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Ex-VP Guingona to SC: Reverse Webb's acquittal to give justice to Vizconde

January 7, 2011 2:34pm

"Justice for Lauro Vizconde, justice for all."

Thus said former Vice-President Teofisto Guingona on Friday as he asked the Supreme Court (SC) to reconsider its acquittal of the seven men previously convicted for the 1991 Vizconde massacre.

Guingona said he believes that Hubert Webb, son of former Senator Freddie Webb, and his six other co-accused are guilty of killing Lauro's wife, Estrellita, 47, and his daughters Carmela, 18, and Jennifer Vizconde, 7, in June 1991.

Guingona served as justice secretary from May 1996 to February 1998. The Vizconde massacre case was on preliminary investigation period starting in 1995.

The trial proceeded at the Parañaque Regional Trial Court Branch 274 from 1997 to 2000.

The Parañaque court convicted Webb and six others in January 2000 and the Court of Appeals sustained the guilty verdict in December 2005.

On December 14, 2010, the Supreme Court acquitted Webb, and the six others: Antonio Lejano, Michael Gatchalian, Miguel Rodriguez, Hospicio Fernandez, Peter Estrada, and former policeman Gerardo Biong.

Guingona joins Vizconde appeal

In a three-page motion for reconsideration in intervention, Guingona asked the SC to overturn its December 14 ruling and to hold a re-deliberation on the Vizconde massacre case.

Guingona was accompanied by Lauro Vizconde and lawyer Pete Principe when he filed the motion.

"The principle of re-deliberation or re-examination by the Honorable Supreme Court becomes apparent when justice and truth is unmistakably this Court's paramount concern in order to preserve the full faith of the Filipino people to the entire justice system," said Guingona in his motion.

Guingona also filed an accompanying motion for leave to intervene, which serves as Guingona's permission to intervene in the case because he is not a direct party to the matter.

Before Guingona, four of Vizconde's supporters had asked to intervene in the case to get the high court to reconsider its ruling.

They are: activist priest Robert Reyes, Sister Mary John Mananzan of the Association of Major Religious Superiors in the Philippines (AMRSP), Bishop Evangelio Mercado, and Dante Jimenez of the Volunteers Against Crime and Corruption.

According to them, while they may not be parties to the case, they believe that Webb and six of his co-accused are guilty.

On Friday, Vizconde said he was delighted that the former Vice-President agreed to help him.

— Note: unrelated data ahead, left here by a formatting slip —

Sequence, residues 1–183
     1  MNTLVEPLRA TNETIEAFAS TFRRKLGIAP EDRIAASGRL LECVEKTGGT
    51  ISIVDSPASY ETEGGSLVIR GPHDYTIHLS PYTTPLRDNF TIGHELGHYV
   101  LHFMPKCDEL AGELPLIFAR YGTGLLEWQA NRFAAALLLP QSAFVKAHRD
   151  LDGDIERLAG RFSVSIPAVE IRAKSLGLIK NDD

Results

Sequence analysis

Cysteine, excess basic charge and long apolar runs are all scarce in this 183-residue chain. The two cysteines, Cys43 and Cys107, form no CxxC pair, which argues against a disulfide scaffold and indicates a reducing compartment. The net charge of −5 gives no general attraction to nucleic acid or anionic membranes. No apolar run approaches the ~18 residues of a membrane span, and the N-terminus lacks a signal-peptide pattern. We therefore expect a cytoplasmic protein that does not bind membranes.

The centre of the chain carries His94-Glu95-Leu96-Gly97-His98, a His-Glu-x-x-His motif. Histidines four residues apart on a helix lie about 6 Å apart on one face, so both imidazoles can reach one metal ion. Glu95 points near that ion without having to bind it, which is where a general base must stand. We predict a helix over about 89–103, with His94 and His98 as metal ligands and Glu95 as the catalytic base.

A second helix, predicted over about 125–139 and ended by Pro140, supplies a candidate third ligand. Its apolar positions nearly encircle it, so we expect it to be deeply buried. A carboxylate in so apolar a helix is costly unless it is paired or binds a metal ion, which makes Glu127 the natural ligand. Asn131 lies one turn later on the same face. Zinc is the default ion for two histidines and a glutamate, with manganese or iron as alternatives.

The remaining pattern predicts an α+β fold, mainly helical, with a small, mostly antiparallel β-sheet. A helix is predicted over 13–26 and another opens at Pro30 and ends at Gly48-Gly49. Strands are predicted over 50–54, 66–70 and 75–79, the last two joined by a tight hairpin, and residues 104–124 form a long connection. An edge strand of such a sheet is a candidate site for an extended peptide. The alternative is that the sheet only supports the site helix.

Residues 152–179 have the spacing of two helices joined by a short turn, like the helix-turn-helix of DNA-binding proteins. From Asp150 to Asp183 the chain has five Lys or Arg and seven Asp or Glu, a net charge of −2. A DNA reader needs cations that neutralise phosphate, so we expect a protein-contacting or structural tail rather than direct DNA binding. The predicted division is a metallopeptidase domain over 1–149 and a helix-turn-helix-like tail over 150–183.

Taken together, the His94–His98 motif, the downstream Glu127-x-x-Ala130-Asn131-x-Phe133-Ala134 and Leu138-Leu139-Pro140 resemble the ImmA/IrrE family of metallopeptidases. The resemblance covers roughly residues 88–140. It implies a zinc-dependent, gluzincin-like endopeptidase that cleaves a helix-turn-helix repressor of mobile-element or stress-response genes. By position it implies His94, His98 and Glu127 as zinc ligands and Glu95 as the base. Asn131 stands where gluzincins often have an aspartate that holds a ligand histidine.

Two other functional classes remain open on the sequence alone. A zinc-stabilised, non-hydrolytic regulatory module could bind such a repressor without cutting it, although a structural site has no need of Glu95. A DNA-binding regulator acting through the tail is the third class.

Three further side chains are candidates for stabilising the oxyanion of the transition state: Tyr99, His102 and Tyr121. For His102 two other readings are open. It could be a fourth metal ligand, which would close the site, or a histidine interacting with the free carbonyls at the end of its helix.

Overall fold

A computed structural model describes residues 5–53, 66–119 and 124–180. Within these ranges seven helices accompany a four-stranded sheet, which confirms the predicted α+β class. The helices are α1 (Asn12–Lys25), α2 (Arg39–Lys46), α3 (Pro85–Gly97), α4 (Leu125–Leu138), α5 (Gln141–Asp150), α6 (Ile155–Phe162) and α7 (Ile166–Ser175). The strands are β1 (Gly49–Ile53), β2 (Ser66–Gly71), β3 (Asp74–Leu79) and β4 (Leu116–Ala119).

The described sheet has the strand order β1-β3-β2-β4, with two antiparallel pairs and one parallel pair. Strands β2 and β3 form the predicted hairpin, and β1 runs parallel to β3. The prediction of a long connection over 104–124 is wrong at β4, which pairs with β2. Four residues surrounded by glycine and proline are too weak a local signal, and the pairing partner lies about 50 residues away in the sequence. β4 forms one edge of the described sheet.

"I'm really thankful to the former Vice-President for being very supportive. He has been very supportive since the case was being tried at the lower court," said Vizconde.

Guingona: Alfaro is a credible witness

The SC acquitted Webb and the six others on the basis that their guilt was not proven beyond reasonable doubt.

The SC added that the testimony of Jessica Alfaro, the so-called star witness to the murders, was unreliable and "incredible" because of its inconsistencies.

The SC instead gave weight to the testimony of the late NBI agent Artemio Sacaguing, who testified that Alfaro herself confessed she played out the role of the witness because she could not produce the real eyewitness.

However, on Friday, Guingona told reporters that Sacaguing only tricked Alfaro into making the confession. Guingona said that when Alfaro realized that she was being tricked, she withheld her statements to Sacaguing.

"She got so afraid, so she held back. Hindi niya sinabi lahat (She did not say everything)," Guingona said of Alfaro.

Guingona: No double jeopardy

Guingona filed the motion for reconsideration in intervention, even if there are questions on whether it is legal to appeal Webb's acquittal and that of the six others.

The 1987 Constitution prohibits prosecuting an accused twice for the same crime. An acquittal can also no longer be appealed because the accused will be subjected to double jeopardy.

However, Guingona said "there are many Supreme Court" decisions that exempt the Vizconde case from the double jeopardy prohibition. However, he did not name any.

Asked whether it was proper to intervene even if the SC has already rendered its decision, the former Vice-President and justice secretary said the SC can relax its rules.

"Considering the importance of this case, considering the pursuit of truth, we should relax the rules and believe the Supreme Court should reconsider and make this an exception," said Guingona. – MRT/VVP/JV, GMANews.TV
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